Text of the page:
Friday, March 15, 2013

Gay marriage remains divisive issue, but only for Republicans

By Nathan Rothwell 

It’s astounding how quickly one’s views can change when the issue hits a little closer to home.

Senator Rob Portman (R-OH), at one point considered a frontrunner for the Republican vice presidential nomination in 2012, recently penned an editorial coming out in favor of marriage equality in an Ohio newspaper.

Once an opponent of same-sex marriage rights, Portman changed his views upon learning that his son is gay. In Portman’s words, learning this “prompted him to consider the issue from another perspective: that of a dad who wants all three of his kids to lead happy, meaningful lives with the people they love, a blessing [Portman’s wife] Jane and I have shared for 26 years.”

Portman deserves to be commended for valuing his son’s wishes, as well as the wishes of others, enough to reconsider his antiquated views. However, he went on to add another passage of note:

“British Prime Minister David Cameron has said he supports allowing gay couples to marry because he is a conservative, not in spite of it. I feel the same way. We conservatives believe in personal liberty and minimal government interference in people’s lives. We also consider the family unit to be the fundamental building block of society. We should encourage people to make long-term commitments to each other and build families, so as to foster strong, stable communities and promote personal responsibility.”

I found this quote particularly interesting. One would think that the notion of marriage equality would appeal directly to American conservatives for this very reason. Champions of small government and personal liberty have a difficult time arguing that it is in fact okay for government to be large enough to tell us who we can marry, and only grant the personal liberty to do so if our chosen partners fall within the appropriate, government-sanctioned definition of “marriage.”

Nevertheless, some conservative leaders still attempt to do so, dressing their bigotry up as their own arguments for freedom.

"Just because I believe that states should have the right to define marriage in the traditional way does not make me a bigot," said Senator Marco Rubio (R-FL) to the Conservative Political Action Conference last Thursday. In short, it’s not that Rubio and others want to prevent marriage equality; they’re simply opposed to the federal government telling states what to do.

At the risk of sounding hyperbolic, I'll point out that a similar argument was once made in defense of slavery. The same defense was also used decades ago to oppose desegregation and interracial marriage.  When the right of marriage becomes a right of every American, regardless of sexual orientation, Rubio’s words will seem just as silly as they did in defense of slavery and segregation.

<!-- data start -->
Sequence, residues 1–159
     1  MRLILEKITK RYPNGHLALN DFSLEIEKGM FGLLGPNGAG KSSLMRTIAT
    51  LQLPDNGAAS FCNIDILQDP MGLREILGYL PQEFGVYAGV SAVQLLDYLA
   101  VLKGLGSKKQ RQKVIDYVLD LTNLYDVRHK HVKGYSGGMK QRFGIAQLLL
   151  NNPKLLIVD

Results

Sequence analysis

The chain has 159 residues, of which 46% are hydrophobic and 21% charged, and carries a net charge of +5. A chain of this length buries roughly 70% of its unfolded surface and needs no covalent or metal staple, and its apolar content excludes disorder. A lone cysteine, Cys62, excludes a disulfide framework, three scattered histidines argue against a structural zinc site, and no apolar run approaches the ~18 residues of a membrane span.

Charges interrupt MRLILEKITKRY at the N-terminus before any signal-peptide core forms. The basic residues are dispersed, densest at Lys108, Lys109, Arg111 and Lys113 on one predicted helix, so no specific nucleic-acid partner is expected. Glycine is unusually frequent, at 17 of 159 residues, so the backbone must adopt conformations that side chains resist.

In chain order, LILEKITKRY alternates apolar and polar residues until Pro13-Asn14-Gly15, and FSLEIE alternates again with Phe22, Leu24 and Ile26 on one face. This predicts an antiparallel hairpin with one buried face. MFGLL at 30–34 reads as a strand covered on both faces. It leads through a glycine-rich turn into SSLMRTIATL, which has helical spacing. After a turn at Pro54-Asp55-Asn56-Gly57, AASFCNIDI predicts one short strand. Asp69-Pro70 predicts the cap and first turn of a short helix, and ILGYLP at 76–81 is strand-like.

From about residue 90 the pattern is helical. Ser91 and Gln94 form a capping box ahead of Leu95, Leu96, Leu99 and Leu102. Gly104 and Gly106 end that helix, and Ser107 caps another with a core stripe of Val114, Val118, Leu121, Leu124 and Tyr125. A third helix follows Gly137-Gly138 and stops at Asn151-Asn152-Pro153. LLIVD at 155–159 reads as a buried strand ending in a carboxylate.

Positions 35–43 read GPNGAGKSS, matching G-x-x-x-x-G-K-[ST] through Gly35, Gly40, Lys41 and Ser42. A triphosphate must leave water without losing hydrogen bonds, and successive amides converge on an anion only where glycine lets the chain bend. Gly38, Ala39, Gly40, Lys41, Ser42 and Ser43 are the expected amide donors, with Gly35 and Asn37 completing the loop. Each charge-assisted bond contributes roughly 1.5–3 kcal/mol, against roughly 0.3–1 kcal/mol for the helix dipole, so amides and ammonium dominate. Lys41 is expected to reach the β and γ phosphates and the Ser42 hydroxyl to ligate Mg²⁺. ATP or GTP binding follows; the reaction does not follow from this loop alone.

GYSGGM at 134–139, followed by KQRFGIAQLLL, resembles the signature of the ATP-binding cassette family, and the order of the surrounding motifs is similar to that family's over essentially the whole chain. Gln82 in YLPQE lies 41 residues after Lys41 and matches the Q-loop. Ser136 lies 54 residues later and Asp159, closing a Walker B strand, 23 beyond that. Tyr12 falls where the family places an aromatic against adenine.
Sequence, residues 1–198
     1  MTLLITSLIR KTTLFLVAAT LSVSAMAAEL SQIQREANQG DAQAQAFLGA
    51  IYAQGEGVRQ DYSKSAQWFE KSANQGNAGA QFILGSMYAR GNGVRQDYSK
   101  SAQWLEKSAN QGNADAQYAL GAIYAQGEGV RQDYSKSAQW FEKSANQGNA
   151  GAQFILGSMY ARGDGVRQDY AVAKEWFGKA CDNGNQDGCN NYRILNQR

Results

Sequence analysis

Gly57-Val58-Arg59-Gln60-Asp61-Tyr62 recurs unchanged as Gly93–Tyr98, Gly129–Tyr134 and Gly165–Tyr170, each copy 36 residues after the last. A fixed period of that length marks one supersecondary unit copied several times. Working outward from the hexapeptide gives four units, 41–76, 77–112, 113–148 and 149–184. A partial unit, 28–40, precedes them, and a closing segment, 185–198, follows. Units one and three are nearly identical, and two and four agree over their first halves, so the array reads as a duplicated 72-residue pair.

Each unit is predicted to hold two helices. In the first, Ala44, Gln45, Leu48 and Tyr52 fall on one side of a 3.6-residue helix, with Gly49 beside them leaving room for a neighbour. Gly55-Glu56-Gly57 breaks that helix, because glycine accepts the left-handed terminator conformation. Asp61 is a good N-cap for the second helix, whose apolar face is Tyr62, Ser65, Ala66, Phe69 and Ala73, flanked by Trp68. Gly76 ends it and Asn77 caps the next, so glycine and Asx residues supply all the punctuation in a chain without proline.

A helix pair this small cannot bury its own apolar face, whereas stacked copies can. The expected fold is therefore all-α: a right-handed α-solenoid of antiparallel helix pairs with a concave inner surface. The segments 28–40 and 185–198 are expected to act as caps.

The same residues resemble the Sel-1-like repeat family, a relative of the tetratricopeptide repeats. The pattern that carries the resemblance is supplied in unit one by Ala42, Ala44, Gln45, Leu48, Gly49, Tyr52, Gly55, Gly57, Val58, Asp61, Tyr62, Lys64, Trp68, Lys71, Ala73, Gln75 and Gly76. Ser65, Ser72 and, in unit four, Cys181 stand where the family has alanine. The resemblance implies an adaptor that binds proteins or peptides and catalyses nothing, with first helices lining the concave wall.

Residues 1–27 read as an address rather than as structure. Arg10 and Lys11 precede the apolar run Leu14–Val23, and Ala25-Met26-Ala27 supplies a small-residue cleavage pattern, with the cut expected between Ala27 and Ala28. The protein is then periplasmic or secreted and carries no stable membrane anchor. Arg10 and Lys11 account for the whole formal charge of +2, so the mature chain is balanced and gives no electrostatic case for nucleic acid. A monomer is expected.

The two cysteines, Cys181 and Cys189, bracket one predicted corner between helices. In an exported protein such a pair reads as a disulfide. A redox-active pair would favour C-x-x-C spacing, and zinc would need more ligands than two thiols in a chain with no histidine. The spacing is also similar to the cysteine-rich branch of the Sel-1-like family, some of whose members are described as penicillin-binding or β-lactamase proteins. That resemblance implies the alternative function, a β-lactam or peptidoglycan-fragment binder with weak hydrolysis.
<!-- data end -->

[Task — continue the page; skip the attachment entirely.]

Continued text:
Portman’s editorial speaks to how silly it is that social issues are part of the conservative cause in the first place.  Opposition to issues such as gay marriage and abortion are deeply rooted in religious beliefs, and Republicans have cynically made these issues part of their platform for decades in order to bring single-issue voters into their fold.  As history marches forward, and the LGBT community becomes fully welcomed into American society, Republicans are quickly finding that their opposition to gay marriage earns them fewer and fewer votes.

This reality will take center stage as the Supreme Court is set to rule later this month on whether states can impose bans on same-sex marriage. As is the reality that gay people are all around us. They are our parents, our children, our relatives, and our dear friends. When this became clear to Rob Portman, he reevaluated his views and came to the only logical conclusion. I hope that every Republican comes to know that they have a gay relative or friend, or are perhaps gay themselves, and are forced to reexamine the issue with the knowledge that they can't deny rights to people who they know and love.

Truth be told, whether they know it or not… they probably already do.

(This article has been updated to reflect that Senator Portman's first name is Rob, not Ron).


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